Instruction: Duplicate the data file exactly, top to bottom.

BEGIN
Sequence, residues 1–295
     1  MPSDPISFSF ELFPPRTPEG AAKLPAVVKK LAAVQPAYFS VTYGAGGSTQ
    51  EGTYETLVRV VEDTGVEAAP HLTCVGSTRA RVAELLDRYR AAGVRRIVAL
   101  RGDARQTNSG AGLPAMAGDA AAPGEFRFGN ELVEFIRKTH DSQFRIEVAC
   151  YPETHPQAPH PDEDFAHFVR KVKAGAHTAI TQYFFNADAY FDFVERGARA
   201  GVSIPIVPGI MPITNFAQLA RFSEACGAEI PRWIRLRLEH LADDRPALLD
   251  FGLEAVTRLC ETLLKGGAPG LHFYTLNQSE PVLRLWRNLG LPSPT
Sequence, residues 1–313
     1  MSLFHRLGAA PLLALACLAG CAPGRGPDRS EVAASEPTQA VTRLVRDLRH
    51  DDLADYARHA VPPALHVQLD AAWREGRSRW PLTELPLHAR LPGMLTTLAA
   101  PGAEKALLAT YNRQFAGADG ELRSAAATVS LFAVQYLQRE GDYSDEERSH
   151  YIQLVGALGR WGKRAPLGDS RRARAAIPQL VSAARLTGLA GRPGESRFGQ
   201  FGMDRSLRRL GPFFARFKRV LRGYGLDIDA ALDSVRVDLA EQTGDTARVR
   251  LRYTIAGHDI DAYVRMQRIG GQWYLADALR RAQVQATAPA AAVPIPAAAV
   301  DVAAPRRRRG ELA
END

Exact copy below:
Sequence, residues 1–295
     1  MPSDPISFSF ELFPPRTPEG AAKLPAVVKK LAAVQPAYFS VTYGAGGSTQ
    51  EGTYETLVRV VEDTGVEAAP HLTCVGSTRA RVAELLDRYR AAGVRRIVAL
   101  RGDARQTNSG AGLPAMAGDA AAPGEFRFGN ELVEFIRKTH DSQFRIEVAC
   151  YPETHPQAPH PDEDFAHFVR KVKAGAHTAI TQYFFNADAY FDFVERGARA
   201  GVSIPIVPGI MPITNFAQLA RFSEACGAEI PRWIRLRLEH LADDRPALLD
   251  FGLEAVTRLC ETLLKGGAPG LHFYTLNQSE PVLRLWRNLG LPSPT
Sequence, residues 1–313
     1  MSLFHRLGAA PLLALACLAG CAPGRGPDRS EVAASEPTQA VTRLVRDLRH
    51  DDLADYARHA VPPALHVQLD AAWREGRSRW PLTELPLHAR LPGMLTTLAA
   101  PGAEKALLAT YNRQFAGADG ELRSAAATVS LFAVQYLQRE GDYSDEERSH
   151  YIQLVGALGR WGKRAPLGDS RRARAAIPQL VSAARLTGLA GRPGESRFGQ
   201  FGMDRSLRRL GPFFARFKRV LRGYGLDIDA ALDSVRVDLA EQTGDTARVR
   251  LRYTIAGHDI DAYVRMQRIG GQWYLADALR RAQVQATAPA AAVPIPAAAV
   301  DVAAPRRRRG ELA